Munster’s Mike Haley is about to leave when he returns from injury

Munster's Mike Haley is about to leave when he returns from injury

The World Cup warm-up match against Italy at the Aviva Stadium 12 months ago will be remembered for the cuts in Joey Carbury’s injury in Japan and what he has done since then.

It was his Ireland debut for Mike Haley. It was also an opportunity to show Joe Schmidt that he wanted to go to the Far East from the sale to join Munster and enter the Irish system.

He was on the Ireland World Cup coaching staff in mid-June last year, so he was hoping to reach the final.

But in the end it was not so, because Schmidt went without him.

Haley now has to add a second hat when she returns from injury on a trip to the Park Y Scarlett tomorrow.

“Yeah, it definitely gave you a taste,” said Fullback, reflecting on events from a year ago.

“I did the whole World Cup camp, played that game, and then you’re declining. I think it almost gives me the desire to go back to where you were.

“Last year I thought I was playing very good rugby and had some problems and mysteries, and they may have helped me not to actually perform and what I could do.

“That time was skipped – well, I came back and I was injured – but the body now looks amazing, it’s like rushing to go, and I know what that goal is to be there, I want to live in that environment where I want to.

“But it plays well for Monster every weekend and gets a place in the starting team for Monster.

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Mike Haley with son Frank after making his debut in Ireland

“So this is an end goal, I want to achieve. But there are some steps I need to take. ”

Haley appeared for the province for the first time since last weekend, in a Munster A runout against Conach at Thomont Park.

Within weeks of resuming provincial training, he was sidelined with a calf injury and was suspended from the end of Munster’s PRO14 campaign in August and September, culminating in a semi – final defeat to Leinster.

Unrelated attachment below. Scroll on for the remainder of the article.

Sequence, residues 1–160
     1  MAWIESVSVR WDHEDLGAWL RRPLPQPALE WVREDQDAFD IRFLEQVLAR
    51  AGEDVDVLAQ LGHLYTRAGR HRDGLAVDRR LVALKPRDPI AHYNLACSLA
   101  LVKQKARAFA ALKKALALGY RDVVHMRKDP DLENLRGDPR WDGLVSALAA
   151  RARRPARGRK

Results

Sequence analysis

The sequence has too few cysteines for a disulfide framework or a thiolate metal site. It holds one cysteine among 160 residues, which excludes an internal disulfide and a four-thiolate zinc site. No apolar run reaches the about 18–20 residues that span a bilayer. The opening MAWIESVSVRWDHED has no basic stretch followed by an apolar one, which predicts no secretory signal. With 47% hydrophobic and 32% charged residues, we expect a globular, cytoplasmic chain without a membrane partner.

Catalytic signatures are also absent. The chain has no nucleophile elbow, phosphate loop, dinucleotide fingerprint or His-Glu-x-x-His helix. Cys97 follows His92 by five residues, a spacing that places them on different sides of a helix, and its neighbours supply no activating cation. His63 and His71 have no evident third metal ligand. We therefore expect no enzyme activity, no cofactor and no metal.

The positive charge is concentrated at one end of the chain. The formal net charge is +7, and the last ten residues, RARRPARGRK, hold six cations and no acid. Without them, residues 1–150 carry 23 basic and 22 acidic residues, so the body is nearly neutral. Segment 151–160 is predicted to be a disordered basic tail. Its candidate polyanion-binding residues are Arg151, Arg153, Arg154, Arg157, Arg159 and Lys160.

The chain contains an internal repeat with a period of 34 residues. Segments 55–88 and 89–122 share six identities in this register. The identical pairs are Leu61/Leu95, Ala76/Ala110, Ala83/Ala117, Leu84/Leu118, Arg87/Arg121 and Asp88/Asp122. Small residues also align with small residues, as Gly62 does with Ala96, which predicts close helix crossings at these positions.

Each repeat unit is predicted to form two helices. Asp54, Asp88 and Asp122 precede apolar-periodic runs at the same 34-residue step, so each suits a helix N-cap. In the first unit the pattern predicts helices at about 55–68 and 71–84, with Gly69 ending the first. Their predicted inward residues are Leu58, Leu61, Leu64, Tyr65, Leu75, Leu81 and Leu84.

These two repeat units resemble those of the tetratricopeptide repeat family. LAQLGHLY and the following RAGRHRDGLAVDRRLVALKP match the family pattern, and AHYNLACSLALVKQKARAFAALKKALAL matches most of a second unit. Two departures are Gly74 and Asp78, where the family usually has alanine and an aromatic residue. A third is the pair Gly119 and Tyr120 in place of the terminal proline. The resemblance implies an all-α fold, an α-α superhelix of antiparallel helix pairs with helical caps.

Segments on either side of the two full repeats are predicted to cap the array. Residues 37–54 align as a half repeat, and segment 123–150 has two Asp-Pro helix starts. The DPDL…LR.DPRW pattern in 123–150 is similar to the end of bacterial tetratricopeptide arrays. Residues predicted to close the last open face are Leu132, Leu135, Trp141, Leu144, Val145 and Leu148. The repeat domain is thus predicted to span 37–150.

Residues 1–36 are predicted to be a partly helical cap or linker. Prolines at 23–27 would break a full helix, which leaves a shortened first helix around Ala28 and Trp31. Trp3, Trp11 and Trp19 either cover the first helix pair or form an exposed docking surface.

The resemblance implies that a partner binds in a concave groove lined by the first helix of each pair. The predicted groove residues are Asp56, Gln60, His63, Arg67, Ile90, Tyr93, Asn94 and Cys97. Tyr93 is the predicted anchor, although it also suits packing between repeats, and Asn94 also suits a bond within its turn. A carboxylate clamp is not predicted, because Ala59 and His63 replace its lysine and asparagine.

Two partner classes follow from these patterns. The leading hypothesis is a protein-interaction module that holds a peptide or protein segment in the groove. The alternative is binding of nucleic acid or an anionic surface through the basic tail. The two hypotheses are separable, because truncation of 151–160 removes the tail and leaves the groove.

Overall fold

Summer was not a total write-off – he admits he “valued” the extra time he spent at home with his partner and younger son for six months.

“You really start doing other things around the house and exploring other ways outside of rugby,” Haley said.

“At the same time, you want to go back, you want to go again.

“So it’s very mixed, but it’s enjoyable, especially when my little one started to walk at that time personally and now he’s jumping, I’m really looking at home, it’s very good.

“I think you can see it both ways, but I will take the positive out of it.

“You appreciate the creases so much. They should be highly rewarded and the work they do is incredible! “

Mike Haley at Munster Rugby Squad training

After two years with Monster, with a better understanding of game management, he believes his game is more mature and now Hayley hopes Reds fans can see him as the best.

“Some aspects of my game may be better when I get back to sales, but I need to get around a bit,” said the 26-year-old, who was born in Preston.

“I know very well how they want to implement game plans and not get out of my own bat, run holes that are not there and harm the team.

“It was a big learning curve in my first year and I enjoyed it the second year. I thought some of my rugby was pretty good and is now looking to back it up to my third year. “

He hopes to really show now what he can do in an aggressive sense. Haley is proud to be working with Stephen Larkham, and wants to play again as the first receiver, and is at the heart of the Reds’ offensive drama.

“I did a lot of things when I was on sale and I don’t know why I went out of it in my first year,” he admitted.

“But of course coming into my second year, ‘This is something I have to do, something that can help the team’.

“I enjoy doing it, I enjoy holding hands with the ball, I want to do more if possible

“Do not exclude JJ (Hanrahan) or anyone, obviously, as long as it’s available within the system, I used to enjoy it.”

Haley did not return home to England during the shutdown, and is now looking forward to the novelty of a voyage across the Irish Sea, the destination of Swansea.

“I think this is actually a credit to what’s going on around PRO14. We have been tested every week. There are zero cases in the senior squad so far,” he said.

“We mainly travel in a bubble environment, where there is a charter flight, staying in a hotel, playing a game, straight to the airport and home. We don’t go there and have coffee in Swansea, so dizzy, stay there for a job and get that job done.

“I think the Scarlets are a great aspect, up to 15 from their front row, full of internationalism.

“This is an old place that is very hard to go by, and in the first round of PRO14 both sides go to two full forces opposing each other on the same conference, so it speaks for itself.

“We’re going to have a big challenge, and that’s what we train every week, and all we can do now is control what we do.

“We are training well. Everything looks great. Obviously we will be ready for a fight on Saturday.”

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